Everything was going great. Easy drive to Lost Lake. Used the F-150 to get up that last little bit to get to the upper trailhead for Mirror Lake. 10 minute walk with tube and trailboat to Cottonwood. Got us inflated and in the water. No noise except birds every now and then.

Great weather -- probably 70 degrees out. Sunny. The lake was full of water though -- not down at all, and that should have been a clue for me. Small fish were rising, but we couldn't entice them. The lake was MUCH larger than I thought it was from shore. There's some kind of optical illusion going on there.

After about 2 hours, Amy announced she wasn't feeling well and she paddled herself to shore. When she got there she said she felt so sick. She had the worst headache of her life she thought she was going to throw up. I told her that she was probably just too cold from the water (she had been wearing thin, breathable summer waders) and that she should try to get warm.

She curled up in a ball, clutching her head and weeping (I have that effect on many women so I was not too surprised). I hurriedly packed our stuff and we started stumbling down the trail. We got about halfway down when she announced that she wanted to sit down but I wouldn't let her.

She then vomitted on my sandaled feet.

After that she slowly got better. Later, at home, she was back to normal, and decided against ever float-tubing again.

Here's what I think happened. The warm, sunny weather kept the top half of her nice and toasty and giving her the impression that she wasn't slowly freezing. But because she was wearing uninsulated waders in cold water (is Cottonwood spring-fed?) her core temperature slowly dropped until her body started taking drastic measures to keep her warm, including giving her the worst brain-freeze ever and removing all the blood from her stomach, causing her to get nauseous...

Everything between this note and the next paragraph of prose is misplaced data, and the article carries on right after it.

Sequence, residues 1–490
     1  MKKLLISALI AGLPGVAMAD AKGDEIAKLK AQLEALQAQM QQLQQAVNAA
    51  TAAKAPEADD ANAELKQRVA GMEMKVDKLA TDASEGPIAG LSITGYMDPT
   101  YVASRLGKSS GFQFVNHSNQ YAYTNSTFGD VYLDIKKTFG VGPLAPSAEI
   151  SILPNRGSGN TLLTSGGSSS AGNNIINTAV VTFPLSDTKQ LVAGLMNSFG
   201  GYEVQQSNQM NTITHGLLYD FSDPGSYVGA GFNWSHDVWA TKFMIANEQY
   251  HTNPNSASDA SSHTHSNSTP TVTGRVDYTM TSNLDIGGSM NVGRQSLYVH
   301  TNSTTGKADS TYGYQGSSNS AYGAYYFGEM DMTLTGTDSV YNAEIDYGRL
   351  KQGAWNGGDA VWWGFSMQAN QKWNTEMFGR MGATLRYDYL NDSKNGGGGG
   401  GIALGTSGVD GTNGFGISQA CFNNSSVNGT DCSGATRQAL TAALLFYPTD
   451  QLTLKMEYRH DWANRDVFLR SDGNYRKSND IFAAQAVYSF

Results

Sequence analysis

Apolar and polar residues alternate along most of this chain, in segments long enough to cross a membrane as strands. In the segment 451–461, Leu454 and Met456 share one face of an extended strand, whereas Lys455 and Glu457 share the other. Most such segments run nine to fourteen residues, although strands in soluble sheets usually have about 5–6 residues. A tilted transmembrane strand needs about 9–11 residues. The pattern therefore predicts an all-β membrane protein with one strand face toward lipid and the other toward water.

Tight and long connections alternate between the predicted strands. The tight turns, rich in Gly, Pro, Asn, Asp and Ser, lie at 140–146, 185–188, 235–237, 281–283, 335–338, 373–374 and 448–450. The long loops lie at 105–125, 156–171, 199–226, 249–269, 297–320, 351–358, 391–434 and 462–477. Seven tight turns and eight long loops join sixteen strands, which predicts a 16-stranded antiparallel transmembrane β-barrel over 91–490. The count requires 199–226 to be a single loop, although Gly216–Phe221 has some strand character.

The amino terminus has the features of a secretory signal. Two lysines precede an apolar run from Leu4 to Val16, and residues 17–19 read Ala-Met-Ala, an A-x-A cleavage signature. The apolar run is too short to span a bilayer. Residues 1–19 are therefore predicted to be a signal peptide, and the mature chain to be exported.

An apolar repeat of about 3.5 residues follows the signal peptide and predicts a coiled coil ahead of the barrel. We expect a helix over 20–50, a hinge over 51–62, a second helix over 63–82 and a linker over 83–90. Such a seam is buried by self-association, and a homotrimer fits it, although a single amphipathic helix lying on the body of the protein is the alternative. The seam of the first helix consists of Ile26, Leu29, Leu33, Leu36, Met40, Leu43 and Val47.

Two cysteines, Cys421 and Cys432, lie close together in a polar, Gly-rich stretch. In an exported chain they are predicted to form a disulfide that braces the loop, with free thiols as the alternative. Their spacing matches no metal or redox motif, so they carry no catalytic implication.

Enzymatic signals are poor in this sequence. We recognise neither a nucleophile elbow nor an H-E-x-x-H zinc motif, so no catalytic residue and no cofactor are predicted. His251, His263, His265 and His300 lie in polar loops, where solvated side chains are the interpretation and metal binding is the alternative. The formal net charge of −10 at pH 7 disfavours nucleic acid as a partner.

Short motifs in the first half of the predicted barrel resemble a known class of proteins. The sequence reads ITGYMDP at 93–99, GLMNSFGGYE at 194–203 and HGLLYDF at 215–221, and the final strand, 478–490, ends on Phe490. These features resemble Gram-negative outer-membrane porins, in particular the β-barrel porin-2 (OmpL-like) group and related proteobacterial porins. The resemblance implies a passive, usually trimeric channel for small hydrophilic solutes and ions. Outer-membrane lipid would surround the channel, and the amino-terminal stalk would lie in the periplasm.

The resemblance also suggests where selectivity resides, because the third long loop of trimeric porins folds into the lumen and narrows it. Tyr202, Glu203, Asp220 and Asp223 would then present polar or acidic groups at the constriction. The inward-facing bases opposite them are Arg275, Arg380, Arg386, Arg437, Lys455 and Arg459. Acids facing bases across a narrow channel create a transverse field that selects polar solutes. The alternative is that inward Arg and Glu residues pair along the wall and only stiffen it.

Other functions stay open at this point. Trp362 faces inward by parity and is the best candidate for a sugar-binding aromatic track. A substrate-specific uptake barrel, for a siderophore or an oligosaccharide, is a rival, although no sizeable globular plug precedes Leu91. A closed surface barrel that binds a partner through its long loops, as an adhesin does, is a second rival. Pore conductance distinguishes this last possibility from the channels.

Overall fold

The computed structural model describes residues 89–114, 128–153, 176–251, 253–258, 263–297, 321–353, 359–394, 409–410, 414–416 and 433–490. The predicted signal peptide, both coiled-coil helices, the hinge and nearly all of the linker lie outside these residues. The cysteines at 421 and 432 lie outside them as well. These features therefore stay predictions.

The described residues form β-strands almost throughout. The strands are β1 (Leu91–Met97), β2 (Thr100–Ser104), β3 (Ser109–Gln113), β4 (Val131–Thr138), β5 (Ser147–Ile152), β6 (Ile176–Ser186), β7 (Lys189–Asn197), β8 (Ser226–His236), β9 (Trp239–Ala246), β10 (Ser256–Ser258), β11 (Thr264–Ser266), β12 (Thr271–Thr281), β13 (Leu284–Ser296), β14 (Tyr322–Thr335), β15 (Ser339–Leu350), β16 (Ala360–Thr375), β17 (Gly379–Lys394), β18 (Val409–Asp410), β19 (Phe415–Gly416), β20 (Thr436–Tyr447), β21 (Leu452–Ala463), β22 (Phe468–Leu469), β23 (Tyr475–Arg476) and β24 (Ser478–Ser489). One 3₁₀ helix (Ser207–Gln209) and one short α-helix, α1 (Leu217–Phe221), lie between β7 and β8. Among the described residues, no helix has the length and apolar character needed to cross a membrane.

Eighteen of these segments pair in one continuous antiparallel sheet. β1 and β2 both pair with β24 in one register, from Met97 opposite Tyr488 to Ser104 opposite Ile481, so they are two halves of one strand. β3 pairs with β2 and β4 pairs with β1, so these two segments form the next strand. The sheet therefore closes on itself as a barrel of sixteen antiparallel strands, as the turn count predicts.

It goes without saying that I was skunked once again. These alpine lake fish are too smart for me. I was even tring 6x tippet. Maybe I need to go flourocarbon or something.

Saturday, September 19, 2009

Okanogan Fishing Report

Ready for Trip
Ready to Go
Amy and I both love the Okanogan region; its that upper-right-hand quadrant of the state right up near Canada but not quite into Idaho. We've been looking forward to this trip all summer (we knew Casey would be in Disneyland with his Grandparents). I bought a new camera and Amy got all pretty (see above), though as she points out, by the end of the trip you can't tell the two of us apart.
Before leaving, we fished a local favorite in the tree farm, Calligan lake, just to warm up. Fishing was slow but we did manage to get a few cutthroat on dry flies. The fall sun looks golden on Amy's skin as she casts to some fish rising in a pocket.